This very rustic campground is located about 35 minutes from Colorado National Monument in a peaceful desert setting. The primary draw to the North Fruita Desert BLM area is the great mountain biking trails, many of which can be accessed directly from your campsite. Keep in mind that there’s no water or shade available at this campground, and the road to get here is very rough. Amenities include vault toilets, picnic tables, and fire pits. Leashed pets are permitted.

Silhouette of a mountain biker in the desert
The North Fruita Desert Campground is a mountain biker’s paradise!

Dispersed Camping Near Colorado National Monument

BLM- Rabbit Valley

Number of Sites: Varies
Fee:
 Free
Site Type(s):
RVs, Tents
Reservations: 
First-come, first-served
Season: 
Open all year

Rabbit Valley is a popular and convenient place for dispersed camping near Fruita. It is located within the BLM-managed McInnis Canyons National Conservation Area, which offers plenty of great hiking, mountain biking, and motorcycle/ATV riding. It’s about 30 minutes from the West Entrance of Colorado National Monument. When you turn off I-70, you’ll first see a large gravel parking lot. This is typically used for larger RVs. If you continue along the road, you’ll see several marked and numbered dispersed campsites. There are no amenities at the sites, but there are toilets near the entrance and the nearby Fruita Visitor Center has water, a dump station, and trash/recycling facilities. Keep in mind that you may only camp in designated dispersed sites (marked by signs), and you are required to bring a portable toilet and fire pan.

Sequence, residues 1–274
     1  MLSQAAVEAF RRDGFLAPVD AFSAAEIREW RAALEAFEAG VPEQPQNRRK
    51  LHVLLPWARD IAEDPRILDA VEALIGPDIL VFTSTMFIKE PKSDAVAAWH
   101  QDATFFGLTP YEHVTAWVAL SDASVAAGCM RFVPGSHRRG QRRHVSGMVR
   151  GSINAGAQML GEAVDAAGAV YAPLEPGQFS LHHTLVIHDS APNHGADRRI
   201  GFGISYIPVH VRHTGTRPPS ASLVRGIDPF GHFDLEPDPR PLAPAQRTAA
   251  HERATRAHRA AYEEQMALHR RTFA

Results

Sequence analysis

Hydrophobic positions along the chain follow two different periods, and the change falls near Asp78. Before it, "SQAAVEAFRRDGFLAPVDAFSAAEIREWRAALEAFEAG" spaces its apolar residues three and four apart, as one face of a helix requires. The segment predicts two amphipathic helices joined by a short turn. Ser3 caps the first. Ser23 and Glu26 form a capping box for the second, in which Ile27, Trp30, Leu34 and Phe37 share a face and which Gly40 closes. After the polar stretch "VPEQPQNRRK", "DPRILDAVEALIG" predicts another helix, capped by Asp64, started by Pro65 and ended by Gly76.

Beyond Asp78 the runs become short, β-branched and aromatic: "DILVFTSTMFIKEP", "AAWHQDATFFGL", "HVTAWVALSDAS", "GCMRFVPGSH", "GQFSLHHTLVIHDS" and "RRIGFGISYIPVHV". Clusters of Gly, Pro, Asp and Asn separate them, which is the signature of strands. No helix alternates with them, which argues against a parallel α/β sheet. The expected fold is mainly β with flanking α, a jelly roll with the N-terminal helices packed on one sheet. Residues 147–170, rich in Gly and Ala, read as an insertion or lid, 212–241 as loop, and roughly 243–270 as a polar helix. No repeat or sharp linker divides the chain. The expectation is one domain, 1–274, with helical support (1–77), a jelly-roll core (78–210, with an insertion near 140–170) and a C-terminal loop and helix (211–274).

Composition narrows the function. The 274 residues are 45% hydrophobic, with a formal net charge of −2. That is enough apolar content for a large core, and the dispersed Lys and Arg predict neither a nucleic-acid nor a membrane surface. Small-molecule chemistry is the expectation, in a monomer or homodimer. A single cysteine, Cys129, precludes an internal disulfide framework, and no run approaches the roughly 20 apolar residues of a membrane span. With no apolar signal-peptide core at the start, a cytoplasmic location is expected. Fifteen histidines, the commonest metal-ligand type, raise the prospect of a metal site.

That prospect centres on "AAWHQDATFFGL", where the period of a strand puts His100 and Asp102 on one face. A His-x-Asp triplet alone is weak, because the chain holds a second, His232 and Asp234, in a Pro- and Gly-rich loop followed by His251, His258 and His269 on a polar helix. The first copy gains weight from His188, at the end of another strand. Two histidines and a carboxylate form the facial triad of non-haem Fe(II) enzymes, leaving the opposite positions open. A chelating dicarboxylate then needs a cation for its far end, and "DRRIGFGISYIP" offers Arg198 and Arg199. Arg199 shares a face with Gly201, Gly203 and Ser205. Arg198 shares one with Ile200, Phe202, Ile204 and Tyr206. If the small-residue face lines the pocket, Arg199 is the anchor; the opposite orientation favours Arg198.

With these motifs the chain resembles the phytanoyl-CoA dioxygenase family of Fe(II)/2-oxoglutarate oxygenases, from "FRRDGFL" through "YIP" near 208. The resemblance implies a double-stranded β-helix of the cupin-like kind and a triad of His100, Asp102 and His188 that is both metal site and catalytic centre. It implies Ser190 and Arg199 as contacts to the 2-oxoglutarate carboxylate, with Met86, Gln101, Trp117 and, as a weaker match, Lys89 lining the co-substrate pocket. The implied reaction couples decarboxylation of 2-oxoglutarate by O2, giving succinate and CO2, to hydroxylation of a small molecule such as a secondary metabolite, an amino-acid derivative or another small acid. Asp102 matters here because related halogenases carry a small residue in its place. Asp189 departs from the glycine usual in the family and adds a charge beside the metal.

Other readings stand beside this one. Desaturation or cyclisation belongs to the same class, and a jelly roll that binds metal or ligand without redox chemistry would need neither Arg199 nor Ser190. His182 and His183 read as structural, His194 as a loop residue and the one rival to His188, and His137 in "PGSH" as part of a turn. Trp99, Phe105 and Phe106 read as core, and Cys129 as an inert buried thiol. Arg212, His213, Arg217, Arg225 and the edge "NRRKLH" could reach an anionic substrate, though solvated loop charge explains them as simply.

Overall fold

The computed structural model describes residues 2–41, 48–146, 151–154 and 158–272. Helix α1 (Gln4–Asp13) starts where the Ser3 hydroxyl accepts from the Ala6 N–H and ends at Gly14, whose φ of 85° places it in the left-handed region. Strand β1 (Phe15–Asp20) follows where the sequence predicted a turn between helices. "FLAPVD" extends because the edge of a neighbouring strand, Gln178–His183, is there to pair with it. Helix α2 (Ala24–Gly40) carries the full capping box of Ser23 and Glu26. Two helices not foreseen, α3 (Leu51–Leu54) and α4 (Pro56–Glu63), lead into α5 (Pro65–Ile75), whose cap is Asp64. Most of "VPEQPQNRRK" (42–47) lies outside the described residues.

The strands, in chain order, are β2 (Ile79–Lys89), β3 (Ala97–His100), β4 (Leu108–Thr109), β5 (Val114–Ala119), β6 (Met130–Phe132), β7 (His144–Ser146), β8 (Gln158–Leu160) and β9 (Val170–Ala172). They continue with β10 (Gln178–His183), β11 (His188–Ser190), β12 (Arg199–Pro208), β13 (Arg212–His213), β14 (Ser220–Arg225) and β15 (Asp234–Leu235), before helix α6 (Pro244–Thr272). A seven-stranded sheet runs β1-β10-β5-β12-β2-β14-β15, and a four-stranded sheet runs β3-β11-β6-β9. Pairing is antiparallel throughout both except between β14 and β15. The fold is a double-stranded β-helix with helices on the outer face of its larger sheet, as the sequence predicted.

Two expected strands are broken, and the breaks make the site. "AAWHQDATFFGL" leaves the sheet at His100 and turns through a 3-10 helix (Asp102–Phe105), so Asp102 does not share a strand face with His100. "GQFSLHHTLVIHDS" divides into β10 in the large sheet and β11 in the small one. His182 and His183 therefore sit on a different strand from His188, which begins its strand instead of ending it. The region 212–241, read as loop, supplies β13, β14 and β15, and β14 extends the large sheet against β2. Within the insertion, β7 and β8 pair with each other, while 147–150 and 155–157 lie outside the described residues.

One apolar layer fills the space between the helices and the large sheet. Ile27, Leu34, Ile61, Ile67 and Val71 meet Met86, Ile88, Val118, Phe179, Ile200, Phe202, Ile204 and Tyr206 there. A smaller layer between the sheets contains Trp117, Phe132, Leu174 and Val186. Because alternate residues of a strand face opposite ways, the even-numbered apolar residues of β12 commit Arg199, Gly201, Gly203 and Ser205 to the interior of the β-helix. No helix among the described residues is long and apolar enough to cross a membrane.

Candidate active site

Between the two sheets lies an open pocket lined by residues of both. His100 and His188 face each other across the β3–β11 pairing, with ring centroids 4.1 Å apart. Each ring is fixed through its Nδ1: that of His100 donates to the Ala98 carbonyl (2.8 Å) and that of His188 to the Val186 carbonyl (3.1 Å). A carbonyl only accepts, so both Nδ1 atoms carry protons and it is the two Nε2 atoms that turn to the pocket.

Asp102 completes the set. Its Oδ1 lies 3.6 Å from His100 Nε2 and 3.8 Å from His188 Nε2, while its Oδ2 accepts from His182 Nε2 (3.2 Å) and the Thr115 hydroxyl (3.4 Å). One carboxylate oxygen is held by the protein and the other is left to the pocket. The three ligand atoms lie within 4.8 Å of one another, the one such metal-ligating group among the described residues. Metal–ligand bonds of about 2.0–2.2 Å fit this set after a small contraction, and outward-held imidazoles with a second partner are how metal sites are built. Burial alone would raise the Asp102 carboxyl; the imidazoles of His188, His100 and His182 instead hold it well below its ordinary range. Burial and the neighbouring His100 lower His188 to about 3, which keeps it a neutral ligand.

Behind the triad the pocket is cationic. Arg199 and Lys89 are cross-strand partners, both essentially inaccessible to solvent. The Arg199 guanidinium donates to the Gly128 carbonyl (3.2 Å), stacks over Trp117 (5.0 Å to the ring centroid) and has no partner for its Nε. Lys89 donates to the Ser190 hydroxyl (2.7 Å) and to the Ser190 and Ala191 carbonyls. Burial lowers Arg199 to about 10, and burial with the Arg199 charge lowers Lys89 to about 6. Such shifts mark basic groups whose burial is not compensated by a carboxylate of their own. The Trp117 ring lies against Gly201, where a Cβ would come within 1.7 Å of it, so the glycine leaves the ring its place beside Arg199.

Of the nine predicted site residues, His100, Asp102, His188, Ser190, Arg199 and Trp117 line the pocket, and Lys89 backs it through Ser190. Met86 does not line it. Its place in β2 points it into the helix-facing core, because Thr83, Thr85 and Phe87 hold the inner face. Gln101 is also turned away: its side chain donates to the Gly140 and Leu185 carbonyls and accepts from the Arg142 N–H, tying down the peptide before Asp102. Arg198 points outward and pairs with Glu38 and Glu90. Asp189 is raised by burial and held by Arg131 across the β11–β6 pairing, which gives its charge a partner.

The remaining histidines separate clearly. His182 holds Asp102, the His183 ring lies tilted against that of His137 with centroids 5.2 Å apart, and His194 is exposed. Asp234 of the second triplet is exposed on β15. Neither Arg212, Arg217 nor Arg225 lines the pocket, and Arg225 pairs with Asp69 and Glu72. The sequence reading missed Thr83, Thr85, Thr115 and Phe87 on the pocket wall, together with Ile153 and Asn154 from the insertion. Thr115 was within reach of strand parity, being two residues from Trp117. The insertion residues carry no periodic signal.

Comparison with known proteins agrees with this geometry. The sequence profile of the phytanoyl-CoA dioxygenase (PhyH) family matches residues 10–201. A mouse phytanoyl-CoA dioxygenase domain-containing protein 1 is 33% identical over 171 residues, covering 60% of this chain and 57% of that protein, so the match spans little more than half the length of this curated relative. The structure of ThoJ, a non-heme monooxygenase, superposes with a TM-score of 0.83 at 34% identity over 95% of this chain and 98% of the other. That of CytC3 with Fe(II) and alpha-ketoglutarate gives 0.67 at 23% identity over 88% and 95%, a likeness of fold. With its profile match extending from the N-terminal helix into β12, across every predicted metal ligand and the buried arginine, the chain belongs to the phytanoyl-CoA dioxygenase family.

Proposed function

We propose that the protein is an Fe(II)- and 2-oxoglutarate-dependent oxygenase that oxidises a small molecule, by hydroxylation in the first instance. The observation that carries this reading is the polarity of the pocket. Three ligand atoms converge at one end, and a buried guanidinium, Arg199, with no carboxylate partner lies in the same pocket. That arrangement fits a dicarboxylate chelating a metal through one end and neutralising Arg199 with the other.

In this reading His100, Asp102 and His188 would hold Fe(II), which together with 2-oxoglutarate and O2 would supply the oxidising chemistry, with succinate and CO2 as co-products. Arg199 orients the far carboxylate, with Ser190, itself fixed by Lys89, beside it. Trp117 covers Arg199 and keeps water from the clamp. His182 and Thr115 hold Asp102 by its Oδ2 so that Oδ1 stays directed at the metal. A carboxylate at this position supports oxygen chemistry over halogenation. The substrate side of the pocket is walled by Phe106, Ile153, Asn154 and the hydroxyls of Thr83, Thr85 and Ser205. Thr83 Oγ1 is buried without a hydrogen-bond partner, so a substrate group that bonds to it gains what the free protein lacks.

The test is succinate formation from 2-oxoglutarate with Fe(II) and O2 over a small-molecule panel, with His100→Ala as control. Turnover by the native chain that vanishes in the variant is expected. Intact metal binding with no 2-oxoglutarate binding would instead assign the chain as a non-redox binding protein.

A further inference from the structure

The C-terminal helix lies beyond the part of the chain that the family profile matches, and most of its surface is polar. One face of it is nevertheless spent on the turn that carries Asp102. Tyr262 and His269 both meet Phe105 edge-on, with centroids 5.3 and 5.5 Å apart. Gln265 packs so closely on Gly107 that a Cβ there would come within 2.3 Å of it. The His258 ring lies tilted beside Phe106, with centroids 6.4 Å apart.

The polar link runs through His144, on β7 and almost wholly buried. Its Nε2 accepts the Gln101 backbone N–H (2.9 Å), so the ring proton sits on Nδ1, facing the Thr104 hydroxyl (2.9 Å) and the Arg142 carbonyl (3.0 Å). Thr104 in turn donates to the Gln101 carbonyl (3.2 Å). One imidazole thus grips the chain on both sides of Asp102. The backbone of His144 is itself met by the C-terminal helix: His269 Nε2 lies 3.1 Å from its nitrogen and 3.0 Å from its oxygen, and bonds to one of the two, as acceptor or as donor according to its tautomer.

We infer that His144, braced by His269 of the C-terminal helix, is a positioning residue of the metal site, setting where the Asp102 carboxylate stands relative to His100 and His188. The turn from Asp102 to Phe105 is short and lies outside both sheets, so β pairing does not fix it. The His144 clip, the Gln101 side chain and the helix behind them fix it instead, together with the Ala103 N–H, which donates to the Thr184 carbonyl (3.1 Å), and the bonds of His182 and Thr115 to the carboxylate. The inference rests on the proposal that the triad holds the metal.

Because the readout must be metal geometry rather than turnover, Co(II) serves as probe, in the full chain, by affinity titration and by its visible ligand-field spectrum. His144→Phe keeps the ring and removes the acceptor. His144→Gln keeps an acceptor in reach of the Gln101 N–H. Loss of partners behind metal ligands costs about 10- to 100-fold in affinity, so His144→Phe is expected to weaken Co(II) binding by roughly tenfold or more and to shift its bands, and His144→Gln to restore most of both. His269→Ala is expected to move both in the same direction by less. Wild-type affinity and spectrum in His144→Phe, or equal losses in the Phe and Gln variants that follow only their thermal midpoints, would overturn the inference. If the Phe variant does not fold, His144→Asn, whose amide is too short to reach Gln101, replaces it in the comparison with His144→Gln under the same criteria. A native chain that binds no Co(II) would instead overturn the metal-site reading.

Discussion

Those looking for a developed campground can stay at one of Rabbit Valley’s three free options: The Jouflas Campground, the Knowles Overlook Campground, or the High North Campground.

BLM-18 Road

Number of Sites: Varies
Fee:
 Free
Site Type(s):
RVs, Tents
Reservations: 
First-come, first-served
Season: 
Open all year

The North Fruita Desert BLM area is known for being a mountain biker’s paradise, but it’s also a great dispersed camping option for anyone wanting proximity to Colorado National Monument and the surrounding area. There is a developed campground within the mountain biking trail system, but those looking for dispersed camping should look for signage indicating the free camping area along the dirt road just south of the main mountain biking trailhead. Be advised that the first mile along the road is very rough and may prove difficult for low-clearance vehicles and RVs. As you continue along the road, you’ll see numerous dispersed sites for a few more miles. While there are no amenities in the dispersed camping area, there are toilets at the mountain bike trailhead nearby. Pets are permitted in the 18 Road camping area.

View from inside of a tent looking out towards a desert landscape

Have a great trip!

That’s it!

We hope you’ve found all of the information in this post helpful and we know you’ll find the perfect campsite for your upcoming adventure in Colorado National Monument! Be sure to let us know in the comments below if you have any questions and tell us about your trip!